Silver Tailings: Original Burning Man

Burning Man began as a bonfire on the summer solstice in 1986 in San Francisco when a few friends got together and burned a 9-foot wooden man, although some of the current organizers claim it started a of couple years previous. By 1990, the event moved to the bleached white playa of the Black Rock Desert near Pyramid Lake.

Little did these friends know the history they were stepping into. From 1842 to 1846, Lt. John C. Fremont and his guide Kit Carson led expedition parties to Nevada, where they met the Paiute that inhabited northern Nevada and southern Oregon.

Lake Pyramid Paiute, Thocmetone – better known as Sarah Winnemucca – describes one of these meetings in her 1883 memoir, “Life among the Piutes.”

“The following spring there came great news down the Humboldt River, saying that there were some more of the white brothers coming, and there was something among them that was burning all in a blaze”

Jump forward to 1999, listed in the AAA’s RV guide under “Great Destinations,” the encampment boasted 320 registered theme camps. The following year it had 460 camps and the first active law enforcement activity, with 60 arrests and citations.

Sarah Winnemucca continues: “My grandfather asked then what it was like. They told him it looked like a man; it had legs and hands and a head, but the head had quit burning, and it was left quite black. There was the greatest excitement among my people everywhere about the men in the blaze.”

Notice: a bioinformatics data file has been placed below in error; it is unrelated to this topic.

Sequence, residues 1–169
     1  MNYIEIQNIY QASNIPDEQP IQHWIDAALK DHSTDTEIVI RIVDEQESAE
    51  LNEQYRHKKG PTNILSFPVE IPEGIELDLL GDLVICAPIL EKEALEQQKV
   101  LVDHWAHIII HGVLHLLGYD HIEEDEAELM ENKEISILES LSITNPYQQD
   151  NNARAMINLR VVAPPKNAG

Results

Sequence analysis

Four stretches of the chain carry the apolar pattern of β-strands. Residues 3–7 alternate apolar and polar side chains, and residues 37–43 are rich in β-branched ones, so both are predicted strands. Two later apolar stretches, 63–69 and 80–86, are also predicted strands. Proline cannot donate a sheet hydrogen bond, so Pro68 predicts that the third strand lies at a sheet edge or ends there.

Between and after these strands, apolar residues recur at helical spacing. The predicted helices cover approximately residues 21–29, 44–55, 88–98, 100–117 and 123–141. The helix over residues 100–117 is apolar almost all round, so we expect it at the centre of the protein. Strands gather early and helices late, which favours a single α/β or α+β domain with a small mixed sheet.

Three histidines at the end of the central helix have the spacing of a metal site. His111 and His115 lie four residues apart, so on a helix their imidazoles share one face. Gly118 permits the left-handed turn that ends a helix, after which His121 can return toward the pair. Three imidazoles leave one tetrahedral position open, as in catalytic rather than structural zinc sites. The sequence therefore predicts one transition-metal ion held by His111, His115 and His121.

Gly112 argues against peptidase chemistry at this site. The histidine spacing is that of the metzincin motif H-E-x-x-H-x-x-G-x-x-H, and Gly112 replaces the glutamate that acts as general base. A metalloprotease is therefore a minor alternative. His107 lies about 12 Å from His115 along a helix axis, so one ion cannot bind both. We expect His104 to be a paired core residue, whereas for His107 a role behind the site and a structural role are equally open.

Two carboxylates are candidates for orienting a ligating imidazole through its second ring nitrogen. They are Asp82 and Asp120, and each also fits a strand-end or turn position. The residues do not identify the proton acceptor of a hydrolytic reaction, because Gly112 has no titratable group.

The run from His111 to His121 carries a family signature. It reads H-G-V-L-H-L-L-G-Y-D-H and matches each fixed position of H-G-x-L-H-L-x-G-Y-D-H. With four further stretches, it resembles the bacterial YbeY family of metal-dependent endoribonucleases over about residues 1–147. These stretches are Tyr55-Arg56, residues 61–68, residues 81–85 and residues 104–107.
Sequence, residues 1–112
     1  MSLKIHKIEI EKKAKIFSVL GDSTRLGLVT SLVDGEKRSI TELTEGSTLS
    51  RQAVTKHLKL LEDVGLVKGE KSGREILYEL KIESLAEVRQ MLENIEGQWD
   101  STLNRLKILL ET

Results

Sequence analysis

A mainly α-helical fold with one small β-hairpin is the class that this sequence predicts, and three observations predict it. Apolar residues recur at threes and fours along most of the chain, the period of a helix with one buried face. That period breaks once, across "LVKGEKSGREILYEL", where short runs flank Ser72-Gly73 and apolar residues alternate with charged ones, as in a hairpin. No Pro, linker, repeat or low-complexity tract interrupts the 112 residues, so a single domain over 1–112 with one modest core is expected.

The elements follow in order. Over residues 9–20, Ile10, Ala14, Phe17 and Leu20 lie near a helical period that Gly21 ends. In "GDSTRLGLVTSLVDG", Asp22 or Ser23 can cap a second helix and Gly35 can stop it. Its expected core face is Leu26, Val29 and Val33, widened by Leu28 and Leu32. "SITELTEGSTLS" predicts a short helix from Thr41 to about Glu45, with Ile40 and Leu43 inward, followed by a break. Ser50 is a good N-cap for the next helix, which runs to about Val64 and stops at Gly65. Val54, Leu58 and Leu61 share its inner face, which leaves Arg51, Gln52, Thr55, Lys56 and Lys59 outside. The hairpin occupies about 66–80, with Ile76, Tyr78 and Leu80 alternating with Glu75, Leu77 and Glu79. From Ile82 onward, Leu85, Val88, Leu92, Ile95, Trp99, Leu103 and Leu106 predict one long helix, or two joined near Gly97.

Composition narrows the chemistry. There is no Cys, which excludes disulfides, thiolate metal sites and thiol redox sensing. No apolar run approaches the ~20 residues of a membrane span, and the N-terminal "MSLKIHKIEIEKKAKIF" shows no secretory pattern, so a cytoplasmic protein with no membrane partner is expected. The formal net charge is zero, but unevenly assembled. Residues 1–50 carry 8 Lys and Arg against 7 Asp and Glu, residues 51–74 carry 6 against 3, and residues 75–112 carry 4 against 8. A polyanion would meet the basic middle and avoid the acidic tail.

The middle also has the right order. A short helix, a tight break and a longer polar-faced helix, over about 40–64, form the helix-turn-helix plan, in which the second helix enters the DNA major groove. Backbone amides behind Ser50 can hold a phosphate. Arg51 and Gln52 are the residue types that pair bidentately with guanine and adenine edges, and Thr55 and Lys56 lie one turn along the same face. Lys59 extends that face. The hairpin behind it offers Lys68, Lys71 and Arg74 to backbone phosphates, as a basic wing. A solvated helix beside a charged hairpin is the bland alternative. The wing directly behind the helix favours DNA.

Seventeen years after moving to Nevada, the 20-foot effigy was set ablaze during the early morning hours of August 28th, causing the need to rebuild “the Man,” before the next day’s official burning. Paul Addis pleaded guilty in May 2008 to arson and was sentenced to the Nevada state prison, and ordered to pay $30,000 in restitution.

It wasn’t the first time there was commotion on the playa as Sarah Winnemucca explains: “They were excited because they did not know there were any people in the world but the two, — that is the Indians and the whites; they thought that was all of us in the beginning of the world, and, of course, we did not know where the others had come from, and we don’t’ know yet.”

As of 2011, participation had grown from a few to 50,000 people, complete with a city aptly named Black Rock City. It’s also been listed as the 10th largest city in Nevada, with it very own airport — so much for Burning Man being all about counter-culturalism.

But it’s Sarah Winnemucca who really gets the last laugh: “Ha! Ha! Oh, what a laughable thing that was! It was two Negroes wearing red shirts!”

Parallel’s in time can be interesting.

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